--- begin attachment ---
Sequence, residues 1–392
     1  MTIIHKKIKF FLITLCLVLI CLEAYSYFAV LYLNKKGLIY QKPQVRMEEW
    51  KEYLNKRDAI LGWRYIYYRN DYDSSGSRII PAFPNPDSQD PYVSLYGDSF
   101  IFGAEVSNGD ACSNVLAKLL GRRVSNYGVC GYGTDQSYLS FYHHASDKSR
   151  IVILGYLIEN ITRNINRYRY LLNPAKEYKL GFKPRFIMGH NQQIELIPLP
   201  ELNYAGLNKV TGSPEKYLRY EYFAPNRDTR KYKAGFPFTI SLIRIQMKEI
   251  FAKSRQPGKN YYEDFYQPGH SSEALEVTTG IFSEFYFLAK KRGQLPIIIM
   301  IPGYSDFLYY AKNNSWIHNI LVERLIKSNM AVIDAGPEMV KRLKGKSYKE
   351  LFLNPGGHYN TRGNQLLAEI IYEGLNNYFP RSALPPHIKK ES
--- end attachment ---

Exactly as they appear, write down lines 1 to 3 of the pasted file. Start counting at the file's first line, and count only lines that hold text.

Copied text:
Sequence, residues 1–392
     1  MTIIHKKIKF FLITLCLVLI CLEAYSYFAV LYLNKKGLIY QKPQVRMEEW
    51  KEYLNKRDAI LGWRYIYYRN DYDSSGSRII PAFPNPDSQD PYVSLYGDSF